Happy Epiphany.  The coincidence of Advent and the 21st meeting of the U.N. Conference of Parties on Climate Change (COP21) was a serendipity of the most awesome order. As humanity becomes exponentially more violent and bent on fowling the only nest we have, I become exponentially more drawn to tales of hope born amid chaos.  And today the season of Epiphany (when the Magi arrived at the manger scene, then headed back to their own countries to bear Good News), coincides with the journey of the wise men and women of our world, who’ve been to the sacred gathering in Paris, with the survival of the world in the balance, and have headed home to save the World.

The Advent tale is born of the witness of some really obscure piss-ant peasant prophets claiming to be spokespeople for the Divine. They announce, as the Prophet Micah did, that the world of God’s dreams is more than a distant pie-in-the-sky but, damn-near present. The day is coming soon, Micah proclaims, when:

They will beat their swords into plowshares and spears into pruning hooks. Nation will not lift up sword against nation. Neither will they learn war anymore. In fact, in that new regime, every family will sit beneath their own vine and under their own fig tree with none to terrify them.

                                                                                    -(Micah 4: 3-4)

The Advent dream and the vision of the Paris Talks spring from the same promise: that we can retool and repurpose economies of greed and machineries of violence into regenerative policies, industries and strategies of justice and redemption.

Mary is pregnant with this vision as she sings (Luke 1: 51-56) with her cousin Elizabeth of that new order where “the hungry will be filled, the proud scattered, the poor raised from ashes and the rich sent empty away.” She and Joseph take their pilgrimage to Bethlehem, the House of Bread, to see if the world as they know it could really conceive of a new regime, birth a new policy, bring a new way of living to full term.

The pilgrimages of the Magi, ancient and present are the same. The Magi, the wise ones of our time, each from their own country drew nigh as the stars alined. The whole world watched, hoping against hope that this time would be different: more than business as usual…more than a new generation of Herods threatening to behead the first born of all who care. More than the next generation of 1% fiddling “Happy Days Are Here Again” while God’s Creation slides unceremoniously into the crapper.

All during Advent, millions of us around our Holy Planet invested in this promise. We showed up to rally in solidarity with the endangered and marginalized who suffer first and most from global heating: to hold our Climate Magi’s feet to the fire as they convened in Paris. Debbie and I were privileged to participate in three marches. I shared earlier of the Salem to Paris march. On December 6, Oregon Interfaith Power and Light, along with other Portland interfaith groups, sponsored a climate pilgrimage to synagogues and churches around downtown Portland. At each stop, we heard the faith witness of rabbi’s, priests and teachers.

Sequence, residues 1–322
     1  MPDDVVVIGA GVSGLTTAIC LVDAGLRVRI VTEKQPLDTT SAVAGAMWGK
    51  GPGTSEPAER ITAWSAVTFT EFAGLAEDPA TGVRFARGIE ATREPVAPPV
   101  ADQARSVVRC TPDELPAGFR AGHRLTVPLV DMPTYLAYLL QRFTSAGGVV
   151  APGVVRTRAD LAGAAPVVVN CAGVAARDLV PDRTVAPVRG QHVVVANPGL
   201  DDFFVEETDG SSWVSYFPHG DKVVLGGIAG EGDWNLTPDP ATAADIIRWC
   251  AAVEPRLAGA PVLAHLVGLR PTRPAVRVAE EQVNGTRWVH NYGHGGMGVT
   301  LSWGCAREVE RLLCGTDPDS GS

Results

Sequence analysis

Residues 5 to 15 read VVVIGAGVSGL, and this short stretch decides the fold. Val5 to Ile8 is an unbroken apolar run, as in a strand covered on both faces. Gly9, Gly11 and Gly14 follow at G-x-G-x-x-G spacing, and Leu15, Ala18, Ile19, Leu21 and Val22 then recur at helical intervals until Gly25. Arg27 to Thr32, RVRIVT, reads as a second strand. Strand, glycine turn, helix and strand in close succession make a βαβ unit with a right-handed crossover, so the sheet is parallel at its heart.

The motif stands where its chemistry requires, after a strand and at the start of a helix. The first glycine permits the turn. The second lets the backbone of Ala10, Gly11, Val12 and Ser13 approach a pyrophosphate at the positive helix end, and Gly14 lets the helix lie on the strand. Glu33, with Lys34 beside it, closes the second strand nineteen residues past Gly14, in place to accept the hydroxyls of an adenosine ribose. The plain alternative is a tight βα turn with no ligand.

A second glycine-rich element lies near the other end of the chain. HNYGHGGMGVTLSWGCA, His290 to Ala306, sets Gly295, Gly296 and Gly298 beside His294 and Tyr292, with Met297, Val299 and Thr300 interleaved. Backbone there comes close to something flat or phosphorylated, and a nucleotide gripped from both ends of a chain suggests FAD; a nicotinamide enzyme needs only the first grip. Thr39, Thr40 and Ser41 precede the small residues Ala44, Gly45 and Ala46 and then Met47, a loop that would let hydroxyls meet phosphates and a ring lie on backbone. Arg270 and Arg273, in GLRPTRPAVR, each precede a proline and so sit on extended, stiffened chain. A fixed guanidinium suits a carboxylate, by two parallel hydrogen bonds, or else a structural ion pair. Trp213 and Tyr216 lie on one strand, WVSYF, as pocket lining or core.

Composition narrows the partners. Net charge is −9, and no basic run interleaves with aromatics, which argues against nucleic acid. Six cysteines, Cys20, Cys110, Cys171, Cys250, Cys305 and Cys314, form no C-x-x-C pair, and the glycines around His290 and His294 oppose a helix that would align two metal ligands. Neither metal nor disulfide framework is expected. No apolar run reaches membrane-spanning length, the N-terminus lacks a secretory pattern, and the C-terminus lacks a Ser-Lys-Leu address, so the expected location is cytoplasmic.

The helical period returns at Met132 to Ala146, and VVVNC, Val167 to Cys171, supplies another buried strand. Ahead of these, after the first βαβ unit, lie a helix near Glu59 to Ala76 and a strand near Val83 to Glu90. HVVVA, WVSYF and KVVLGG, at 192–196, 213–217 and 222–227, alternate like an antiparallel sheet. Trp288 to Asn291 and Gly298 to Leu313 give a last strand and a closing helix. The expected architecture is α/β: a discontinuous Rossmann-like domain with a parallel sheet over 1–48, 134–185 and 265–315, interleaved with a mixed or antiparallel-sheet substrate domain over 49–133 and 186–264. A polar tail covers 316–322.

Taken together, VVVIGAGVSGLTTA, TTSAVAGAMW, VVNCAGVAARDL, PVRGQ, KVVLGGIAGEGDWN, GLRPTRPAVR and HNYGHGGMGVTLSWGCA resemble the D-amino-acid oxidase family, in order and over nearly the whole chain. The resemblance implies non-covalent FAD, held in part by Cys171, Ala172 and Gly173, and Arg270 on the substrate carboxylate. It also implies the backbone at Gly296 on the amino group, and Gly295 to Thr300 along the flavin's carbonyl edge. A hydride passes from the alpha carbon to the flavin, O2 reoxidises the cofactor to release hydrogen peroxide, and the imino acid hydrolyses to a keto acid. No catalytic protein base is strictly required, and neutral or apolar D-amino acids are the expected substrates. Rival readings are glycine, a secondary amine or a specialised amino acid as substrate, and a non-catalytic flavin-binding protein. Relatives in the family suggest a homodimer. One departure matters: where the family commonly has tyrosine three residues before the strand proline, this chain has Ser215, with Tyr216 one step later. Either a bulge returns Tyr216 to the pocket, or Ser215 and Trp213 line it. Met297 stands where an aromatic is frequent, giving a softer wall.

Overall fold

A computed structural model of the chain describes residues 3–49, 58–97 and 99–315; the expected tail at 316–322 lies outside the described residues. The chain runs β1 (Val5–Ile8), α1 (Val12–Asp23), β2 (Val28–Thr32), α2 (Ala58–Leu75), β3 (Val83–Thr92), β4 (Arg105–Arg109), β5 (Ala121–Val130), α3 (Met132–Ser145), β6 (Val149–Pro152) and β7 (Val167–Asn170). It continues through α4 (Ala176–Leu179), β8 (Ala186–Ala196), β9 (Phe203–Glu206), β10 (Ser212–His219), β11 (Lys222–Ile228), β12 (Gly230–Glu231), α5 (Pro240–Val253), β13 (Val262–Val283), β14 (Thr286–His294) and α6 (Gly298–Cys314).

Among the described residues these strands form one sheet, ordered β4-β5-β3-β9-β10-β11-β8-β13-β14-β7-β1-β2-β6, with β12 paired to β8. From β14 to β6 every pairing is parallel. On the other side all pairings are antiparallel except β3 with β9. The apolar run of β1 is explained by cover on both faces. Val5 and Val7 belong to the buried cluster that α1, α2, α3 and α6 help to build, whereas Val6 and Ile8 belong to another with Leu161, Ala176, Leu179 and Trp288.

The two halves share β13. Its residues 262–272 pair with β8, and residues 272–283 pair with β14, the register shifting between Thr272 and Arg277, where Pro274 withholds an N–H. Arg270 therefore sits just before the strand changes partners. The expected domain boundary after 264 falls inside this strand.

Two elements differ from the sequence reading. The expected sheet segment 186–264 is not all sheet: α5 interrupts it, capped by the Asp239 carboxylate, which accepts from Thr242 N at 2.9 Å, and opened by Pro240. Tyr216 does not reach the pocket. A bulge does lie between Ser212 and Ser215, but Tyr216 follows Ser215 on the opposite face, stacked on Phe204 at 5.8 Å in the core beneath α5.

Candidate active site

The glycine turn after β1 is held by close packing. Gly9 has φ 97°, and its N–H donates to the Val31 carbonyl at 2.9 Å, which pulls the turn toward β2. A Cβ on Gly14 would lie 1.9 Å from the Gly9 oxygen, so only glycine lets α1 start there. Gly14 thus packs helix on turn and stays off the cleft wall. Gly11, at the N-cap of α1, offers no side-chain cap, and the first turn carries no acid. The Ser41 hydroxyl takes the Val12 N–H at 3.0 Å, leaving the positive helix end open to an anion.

In front of First Baptist Church, the pastor started by saying, “I bet some of you are asking, ‘What’s this? A Baptist speaking out for God’s Creation!?! You probably think we’re all about a personal relationship with Jesus and getting to Heaven when we die!’” But as he spoke, backlit by the PDX skyline and a row of wind generators on the rooftop of a distant skyscraper, he assured us that he wasn’t that kind of Baptist and the only Heaven he was hoping to see was right here on Earth.

Our third march was December 12, in the pouring rain across the Willamette at Tillikum Crossing. All the right folks were there, sharing their stuff. We were energized to the beat of LoveBomb A-G0-Go. The animals were represented and the trees and the fish.

A surprise speaker was a proxy for Pope Francis who shared words from his Encyclical on the Climate saying: “The earth, our home, is beginning to look more and more like an immense pile of filth!” He called us to a deep conversion of economy and spirit.   As we sang our Climate Hymn, “Now, Now, Now,” author and friend Kathleen Dean Moore sent us off with words of courage:

When our grandchildren ask, “On December 12, 2015, where were you?” We can answer, “We were here in the street. We were here for you!”

The ancient tale says the Magi chose to travel home by an alternate route to the one they had planned when they came. That choice was their best gift.  And that was their Epiphany.  In Advent our hope for COP21 was that something so miraculous would come to birth in Paris that our world leaders would have a Come To Jesus moment of the highest order.   Our Epiphany dream is that they decide they have no choice but to lead us home by a different path than was planned coming in. And they decide to act Now, Now, Now.

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